Blindness as tolerance is when the African who should or can know better is clueless or disinterested towards his “own” exploitation. In Africa salaries, payments and rents owed to workers, contractors, consultants and renters for legally delivered goods and services remain unpaid for months or years because the Payer keeps the money in a fixed deposit account to profit from the interest accrued or use the funds to invest in quick turn over businesses. The Payer is guaranteed impunity for her crimes, most who sit on public budgets do it. And with utter impunity. Legislators find it difficult and even oppose the introduction of laws to abolish the exploitation of children for labour, sex or abuse or anything that would benefit the other African. Rape is a virtually nonpunishable crime, and abusers enjoy impunity endlessly. Many Africans in Diaspora love to go to Africa to engage in practices there would not dare do outside of Africa; It is another form of exploiting their own.
Exploitation in Africa for its resources is more structurally adjusted, systematic and insidious. Nnimmo Bassey’s To Cook A Continent and Patrick Bond’s Looting Africa reopens the eyes of those who care to see to the ontology of African exploitation. If non-Africans need the resources, they get it and may even start a war to guarantee it. I once challenged a well-known African-American professor who insisted slavery was based on “free and fair” business with African kings. I asked, “If Europe or American wanted something from Africa and the African leader in charge of the resource refused them what would happen to him and his kingdom?” After twisting and turning in regrettable stupidity, (I was with cynical silence waiting for him to land) he delivered himself by confessing to the obvious outcome. A leading professor of African Studies at a top American university was promoting the derisory ontology of the African through blindness.
No one talks about the “natural resources drain” that blights Africa. Resources are finite, and many mines and oil wells have already been abandoned because they are no longer profitable. The depleted resources have not benefited Africa, but those resources are never coming back, they are gone. Nnimmo Bassey’s position, “leave the resources in the ground” has a pearl of towering wisdom to it. If a resource can only bring tragedy to people who own the land, its exploitation should be defiantly resisted. I even hear and read the nonstarter argument of the “mineral curse”. Deliberate nefarious transactions between African leaders and heads multinational corporations on behalf of a powerless Africans peoples are not curses; they are bad business activities that benefit a few and immiserate the Continent.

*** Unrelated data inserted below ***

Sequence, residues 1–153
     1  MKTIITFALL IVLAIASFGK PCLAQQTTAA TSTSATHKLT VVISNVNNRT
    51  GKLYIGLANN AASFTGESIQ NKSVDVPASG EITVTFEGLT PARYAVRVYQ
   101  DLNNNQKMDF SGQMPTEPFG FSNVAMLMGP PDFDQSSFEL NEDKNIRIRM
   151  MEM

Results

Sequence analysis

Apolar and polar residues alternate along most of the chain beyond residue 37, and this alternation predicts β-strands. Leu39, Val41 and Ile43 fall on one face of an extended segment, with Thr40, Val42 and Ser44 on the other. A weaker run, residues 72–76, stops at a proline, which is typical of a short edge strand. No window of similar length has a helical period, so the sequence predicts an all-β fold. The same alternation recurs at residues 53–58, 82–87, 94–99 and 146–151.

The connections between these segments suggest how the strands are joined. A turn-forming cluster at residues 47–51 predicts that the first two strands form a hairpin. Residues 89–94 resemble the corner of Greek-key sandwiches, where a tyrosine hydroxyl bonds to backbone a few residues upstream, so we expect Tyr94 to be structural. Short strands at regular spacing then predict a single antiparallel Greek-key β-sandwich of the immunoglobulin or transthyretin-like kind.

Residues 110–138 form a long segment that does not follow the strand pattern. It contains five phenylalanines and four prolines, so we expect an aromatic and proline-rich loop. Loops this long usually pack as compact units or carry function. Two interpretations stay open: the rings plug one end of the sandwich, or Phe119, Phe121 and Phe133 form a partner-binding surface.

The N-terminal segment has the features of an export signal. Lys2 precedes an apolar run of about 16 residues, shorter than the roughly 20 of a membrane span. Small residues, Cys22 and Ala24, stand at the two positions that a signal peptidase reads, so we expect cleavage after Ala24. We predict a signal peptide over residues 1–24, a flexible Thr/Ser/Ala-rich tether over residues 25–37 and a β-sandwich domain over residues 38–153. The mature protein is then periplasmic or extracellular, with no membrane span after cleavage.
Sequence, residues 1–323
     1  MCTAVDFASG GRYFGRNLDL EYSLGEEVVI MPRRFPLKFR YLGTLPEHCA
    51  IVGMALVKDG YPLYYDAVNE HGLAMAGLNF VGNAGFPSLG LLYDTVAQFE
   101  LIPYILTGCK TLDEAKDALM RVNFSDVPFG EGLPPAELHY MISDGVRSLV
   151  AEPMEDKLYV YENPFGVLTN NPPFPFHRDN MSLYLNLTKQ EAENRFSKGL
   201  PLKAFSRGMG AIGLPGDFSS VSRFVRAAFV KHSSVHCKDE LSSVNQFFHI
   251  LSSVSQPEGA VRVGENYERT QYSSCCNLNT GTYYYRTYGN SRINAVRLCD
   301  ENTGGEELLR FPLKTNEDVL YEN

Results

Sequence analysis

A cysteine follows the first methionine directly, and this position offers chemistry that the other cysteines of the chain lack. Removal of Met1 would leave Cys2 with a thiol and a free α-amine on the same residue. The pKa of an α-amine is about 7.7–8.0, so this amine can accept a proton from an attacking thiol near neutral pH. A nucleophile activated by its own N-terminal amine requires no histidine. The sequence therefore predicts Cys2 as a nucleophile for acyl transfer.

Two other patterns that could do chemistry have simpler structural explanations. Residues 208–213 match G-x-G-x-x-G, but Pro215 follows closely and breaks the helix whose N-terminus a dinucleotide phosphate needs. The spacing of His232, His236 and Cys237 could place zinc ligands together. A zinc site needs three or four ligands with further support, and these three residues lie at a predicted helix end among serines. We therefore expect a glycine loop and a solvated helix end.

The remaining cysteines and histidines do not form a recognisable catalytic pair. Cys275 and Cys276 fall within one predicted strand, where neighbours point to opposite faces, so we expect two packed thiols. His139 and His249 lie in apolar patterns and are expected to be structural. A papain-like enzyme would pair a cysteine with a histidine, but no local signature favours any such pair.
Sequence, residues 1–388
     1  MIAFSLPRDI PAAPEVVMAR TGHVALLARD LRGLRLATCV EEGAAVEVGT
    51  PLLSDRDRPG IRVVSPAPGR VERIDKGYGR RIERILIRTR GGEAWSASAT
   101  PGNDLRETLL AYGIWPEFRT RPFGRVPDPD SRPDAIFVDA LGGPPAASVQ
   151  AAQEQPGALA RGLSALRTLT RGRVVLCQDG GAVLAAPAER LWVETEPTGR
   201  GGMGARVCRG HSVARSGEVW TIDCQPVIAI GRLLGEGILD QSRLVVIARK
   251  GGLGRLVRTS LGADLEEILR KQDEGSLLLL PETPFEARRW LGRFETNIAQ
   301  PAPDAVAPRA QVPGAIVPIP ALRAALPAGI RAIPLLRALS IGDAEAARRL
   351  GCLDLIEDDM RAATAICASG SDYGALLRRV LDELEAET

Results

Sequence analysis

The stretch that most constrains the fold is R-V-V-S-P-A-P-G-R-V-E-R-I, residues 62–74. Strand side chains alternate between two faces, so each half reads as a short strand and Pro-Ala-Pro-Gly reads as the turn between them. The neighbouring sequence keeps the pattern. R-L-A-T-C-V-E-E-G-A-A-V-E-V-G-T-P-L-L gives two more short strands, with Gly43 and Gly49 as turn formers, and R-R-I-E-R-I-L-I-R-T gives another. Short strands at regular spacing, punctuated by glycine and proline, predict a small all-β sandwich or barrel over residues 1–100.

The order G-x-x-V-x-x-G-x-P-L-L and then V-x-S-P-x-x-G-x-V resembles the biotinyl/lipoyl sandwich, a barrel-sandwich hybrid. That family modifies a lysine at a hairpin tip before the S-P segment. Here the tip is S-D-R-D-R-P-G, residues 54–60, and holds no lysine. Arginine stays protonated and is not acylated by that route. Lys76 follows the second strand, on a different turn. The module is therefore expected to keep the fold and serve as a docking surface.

It is painfully true if an African leader says no to multinational corporations, he will be overthrown and his corpse fed to dogs or dissolved in an acid barrel. Possibly his country plunged into civil war or starved with sanctions. The African should not be blind to the unfair terms of trade his national leaders have to agree to when “trading” mineral and other resources with the non-African. It is no excuse for any African leader or elite. From the sophisticated top government dignitary to the local village champion, these Big Men also can and do exploit their own often within the provisions of the “Dark Triad” and without the prompting of the non-African. The regrettable word, ‘cannibal’, cannot be kept away from the ontology of the African. Still, it is not of the culinary kind [which is yet to be proven emiricaly], it is spiritual, social, economic and political.
Many of the demands of metropolitan non-Africa are systematically met by the exploitation of Africa mostly for oil and ores but also cash/food crops and land. Grabbing land from the impoverished Africans until they only have to air to live on to make the rich richer is business but inhumane. It is rational for a non-African to be blind to the dehumanising exploitation of Africa, he or she has “a standard of living to maintain”. The same is inappropriate for the African. Nevertheless, the consequences of this exploitation for Africa and the African are the stuff of Dante’s Inferno. Take a look at any African region or area that is oil-rich, stone-rich or ore-rich. All you will see is widespread toxic pollution, poverty-stricken residents, poorly compensated or uncompensated displacements of entire peoples, conflict and wars, comprador millionaires and repressive armed forces dictated to by multinational corporations and condoned or even encouraged by successive governments. That too is part of the ontology of the African.
As this blindness is so pervasive among Africans from where will the resistance or eradication or mitigation against exploitation come? Resistance against exploitation is a natural human disposition, be it, individual or collective. However, it is the synthesis of the ontological blindness with the provisions of the Antinomy in Part IV that makes the African invariably appear to be predisposed to exploitation. It will not continue forever, when will it stop. The blindness has to be corrected as a starting point.